In short, then, an eEdition, a facility developed at the Center for Studies in Oral Tradition at the University of Missouri, attempts to restore some of what gets lost when a living, experienced reality is reduced to a silent, fossilized text.

Static pages

Let’s first consider the static pages on the site, as enumerated in the menu bar to the right. In addition to a scrollable transcription and translation of Halil Bajgorić’s 1935 performance, you will find a digitized version of the actual recording as inscribed on aluminum records during the original fieldwork undertaken by Milman Parry and Albert Lord, and now deposited in the Milman Parry Collection at Harvard University. Thus the "View Text Translation" link leads to a pdf file of the entire epic in both the original language (lefthand column) and an English translation (righthand column), while the "Play Audio" link will bring up an mp3 audio file of the entire performance in whatever default player you are using. Additionally, the various parts of the published book — the Introduction, the Synopsis, the Portrait of the Singer, the Performance, the Apparatus Fabulosus (story-based glossary), the Commentary, Nikola Vujnović’s Resinging (a comparison of transcriptions), the chapter on The Role of Music, the chapter on Performatives, and the Bibliography — are easily and immediately available as static files simply by clicking on the appropriate link in the menu bar.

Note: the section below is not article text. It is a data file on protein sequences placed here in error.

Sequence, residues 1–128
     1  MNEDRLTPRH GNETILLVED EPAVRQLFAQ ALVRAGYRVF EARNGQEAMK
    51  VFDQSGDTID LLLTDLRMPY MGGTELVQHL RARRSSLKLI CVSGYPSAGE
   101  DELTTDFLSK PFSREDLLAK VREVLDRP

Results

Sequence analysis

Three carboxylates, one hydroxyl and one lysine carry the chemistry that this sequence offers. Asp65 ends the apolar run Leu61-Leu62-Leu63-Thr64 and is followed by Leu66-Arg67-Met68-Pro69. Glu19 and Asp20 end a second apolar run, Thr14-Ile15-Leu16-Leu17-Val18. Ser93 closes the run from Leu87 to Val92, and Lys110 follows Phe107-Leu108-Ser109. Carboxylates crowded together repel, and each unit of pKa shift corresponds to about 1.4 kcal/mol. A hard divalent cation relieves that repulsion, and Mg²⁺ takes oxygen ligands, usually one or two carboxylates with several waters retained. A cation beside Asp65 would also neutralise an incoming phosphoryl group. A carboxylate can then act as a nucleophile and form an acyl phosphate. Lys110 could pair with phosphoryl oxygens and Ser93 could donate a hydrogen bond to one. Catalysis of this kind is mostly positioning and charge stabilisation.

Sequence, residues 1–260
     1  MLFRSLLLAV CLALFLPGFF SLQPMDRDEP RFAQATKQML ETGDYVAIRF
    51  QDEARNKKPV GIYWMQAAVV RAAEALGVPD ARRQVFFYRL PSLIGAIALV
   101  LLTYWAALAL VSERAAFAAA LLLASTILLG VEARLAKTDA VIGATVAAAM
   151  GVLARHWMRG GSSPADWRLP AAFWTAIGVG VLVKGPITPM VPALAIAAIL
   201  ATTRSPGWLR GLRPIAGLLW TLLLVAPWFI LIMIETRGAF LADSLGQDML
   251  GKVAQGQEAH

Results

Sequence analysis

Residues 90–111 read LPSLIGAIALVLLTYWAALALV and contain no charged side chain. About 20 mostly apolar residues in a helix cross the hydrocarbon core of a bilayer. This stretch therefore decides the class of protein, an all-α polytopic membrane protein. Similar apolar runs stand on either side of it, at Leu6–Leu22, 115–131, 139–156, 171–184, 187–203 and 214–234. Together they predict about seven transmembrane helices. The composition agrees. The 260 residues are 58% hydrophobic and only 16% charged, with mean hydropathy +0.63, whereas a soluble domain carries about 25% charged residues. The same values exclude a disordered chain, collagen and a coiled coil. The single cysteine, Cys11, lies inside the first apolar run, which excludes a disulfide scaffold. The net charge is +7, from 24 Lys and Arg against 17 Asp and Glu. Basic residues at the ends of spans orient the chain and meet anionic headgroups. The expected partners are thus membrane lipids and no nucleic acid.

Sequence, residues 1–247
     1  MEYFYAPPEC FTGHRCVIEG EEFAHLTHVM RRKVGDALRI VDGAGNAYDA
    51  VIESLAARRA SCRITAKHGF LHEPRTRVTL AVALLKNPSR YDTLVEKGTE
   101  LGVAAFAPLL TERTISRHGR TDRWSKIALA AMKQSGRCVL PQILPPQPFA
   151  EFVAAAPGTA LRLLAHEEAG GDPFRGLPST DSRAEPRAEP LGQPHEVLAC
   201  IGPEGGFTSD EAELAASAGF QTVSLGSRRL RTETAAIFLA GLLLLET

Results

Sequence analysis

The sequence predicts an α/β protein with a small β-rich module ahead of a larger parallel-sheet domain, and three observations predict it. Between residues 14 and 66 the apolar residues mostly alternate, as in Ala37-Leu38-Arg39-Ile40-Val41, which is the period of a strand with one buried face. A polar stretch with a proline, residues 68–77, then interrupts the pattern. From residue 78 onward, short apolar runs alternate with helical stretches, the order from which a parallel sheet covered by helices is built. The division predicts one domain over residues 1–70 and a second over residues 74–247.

Hyperlinked pages

Beyond the static contents of the eEdition, reader-users can also take advantage of three kinds of hyperlinked resources that will appear on the main Performance page, always in the scrollable box to the right of the translation.